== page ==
Exposure

My blog is a lifestyle blog, meaning the content is about my life (which can be pretty interesting from time to time). However, there is still a certain degree in which I can expose my life to the internet. There are times when I want to speak out on everything that has happened in the past week and I can’t. Or maybe I can? Quite frankly, the internet (or Interweb, as I like to call it) is a scary place to expose yourself to. Naturally, being a part of the Millennial generation, thinking that you are exposing yourself to the internet is a weird notion. After all, most teenagers have at least three social media accounts (i.e Facebook, Twitter, Instagram) that all hold little pieces of information about their personal lives. If someone really wanted to, they could probably track you down in an instant! Isn’t that frightening to think of?

But no, we are a new age generation– the internet is a fun play thing that is used to show off your ‘perfect’ lives. Never is it seen as a dangerous space where anything could be manipulated and used as black mail. Perhaps I am just paranoid, or perhaps I’m right.

I was prompted to write about the experiences in my life by my lovely boyfriend yesterday. However, I am terrified that I will upset someone if I write about their experiences. And there are definitely some experiences that do not need to be shared. But maybe if I can leave enough details out then it wouldn’t be so bad?

Lately I’ve been avoiding sleeping at home. It’s a terrible mess and I tend to go through bouts of depression every now and again when I’m by myself. I hate that I need to be so dependent on socializing in order to be happy, because I don’t like people most of the time. I guess that’s how it’s going to be.

Among other things, I also hate going home by myself. This isn’t a critical thing for my mental health, it’s just a want. Walking the streets of Washington Heights by yourself is practically the same and having a sign above your head stating , “Please whistle at me like I’m a dog, it’ll make me feel so much better about myself”.

When I first moved to the city there was so much excitement that I couldn’t contain myself. Ever since I moved upstate with my parents, I have been dying to move back. Even being an hour away, everything I knew was there: friends, family, church. Every weekend we would take the car down to the city, peering out onto the hills that were along side the one we were driving down. It wasn’t the city itself that I loved, it was the expression of freedom. Public transportation was the main factor that made me want to go back so bad! Finally, there were more activities other than going to lame house parties and sitting around watching movies all day.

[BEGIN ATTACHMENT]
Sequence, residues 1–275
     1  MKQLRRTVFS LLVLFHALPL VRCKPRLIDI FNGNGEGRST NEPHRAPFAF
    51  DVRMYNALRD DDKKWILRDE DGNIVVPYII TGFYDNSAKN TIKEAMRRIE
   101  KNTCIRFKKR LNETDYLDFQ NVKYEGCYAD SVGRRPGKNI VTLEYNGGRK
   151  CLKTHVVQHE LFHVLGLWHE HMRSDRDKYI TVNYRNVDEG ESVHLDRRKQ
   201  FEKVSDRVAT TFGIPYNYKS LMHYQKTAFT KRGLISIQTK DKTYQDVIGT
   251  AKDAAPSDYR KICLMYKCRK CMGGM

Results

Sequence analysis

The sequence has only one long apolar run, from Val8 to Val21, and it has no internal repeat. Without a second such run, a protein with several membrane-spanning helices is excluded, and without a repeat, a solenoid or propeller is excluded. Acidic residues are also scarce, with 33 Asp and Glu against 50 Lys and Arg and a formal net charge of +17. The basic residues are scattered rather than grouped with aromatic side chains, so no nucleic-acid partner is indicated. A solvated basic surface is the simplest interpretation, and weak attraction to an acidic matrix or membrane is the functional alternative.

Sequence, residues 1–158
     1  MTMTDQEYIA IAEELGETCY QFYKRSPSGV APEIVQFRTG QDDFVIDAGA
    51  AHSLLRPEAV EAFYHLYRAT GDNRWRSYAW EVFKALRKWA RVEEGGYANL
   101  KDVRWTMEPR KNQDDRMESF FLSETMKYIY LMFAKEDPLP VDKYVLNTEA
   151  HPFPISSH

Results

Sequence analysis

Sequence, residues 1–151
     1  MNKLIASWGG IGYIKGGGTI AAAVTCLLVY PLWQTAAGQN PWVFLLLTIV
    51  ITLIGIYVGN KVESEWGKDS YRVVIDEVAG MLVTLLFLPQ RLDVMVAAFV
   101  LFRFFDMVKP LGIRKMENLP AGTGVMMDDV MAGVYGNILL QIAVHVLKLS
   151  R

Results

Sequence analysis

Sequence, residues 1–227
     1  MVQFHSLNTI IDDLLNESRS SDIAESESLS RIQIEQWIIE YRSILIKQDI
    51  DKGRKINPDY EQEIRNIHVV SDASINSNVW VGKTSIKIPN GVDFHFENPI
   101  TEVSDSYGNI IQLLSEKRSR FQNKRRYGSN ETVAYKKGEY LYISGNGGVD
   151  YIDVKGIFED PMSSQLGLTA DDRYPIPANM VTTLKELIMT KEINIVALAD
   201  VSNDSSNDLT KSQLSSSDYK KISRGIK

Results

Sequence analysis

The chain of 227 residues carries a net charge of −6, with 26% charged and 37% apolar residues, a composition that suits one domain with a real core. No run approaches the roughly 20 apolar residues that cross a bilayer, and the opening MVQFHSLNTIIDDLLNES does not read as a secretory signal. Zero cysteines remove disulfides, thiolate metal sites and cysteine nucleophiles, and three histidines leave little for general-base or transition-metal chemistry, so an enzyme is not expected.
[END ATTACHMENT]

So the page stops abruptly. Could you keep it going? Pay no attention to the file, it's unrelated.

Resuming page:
After I spent my first week alone in the City, I didn’t even want to go outside. All the excitement and freedom could only be reached by trekking through blocks of grown men staring and occasionally speaking Spanish in my direction about how “sexy” I looked that day. As a person who prided herself in confidence and not caring what others said upstate, I felt defeated. Slowly my wardrobe changed, the way I carried myself changed, and my snarky attitude changed along with it. Instead of the usual witty comeback and devilish grin that would follow, I found myself bowing my head and clinging to my bag.

Comments of “You’ll get use to it, give it time” only made me angry. Maybe it was because all of the anger that would usually be directed to onlookers was now bottled up and bursting at the seams. All I could think of is how I shouldn’t have to get use to it, and how I was pretty sure it was sexual assault.

But, I did get use to it. And thinking about how I promised myself I wouldn’t just makes me angry about it now. The City was suppose to be my place for freedom and self expression, instead it became my cage.

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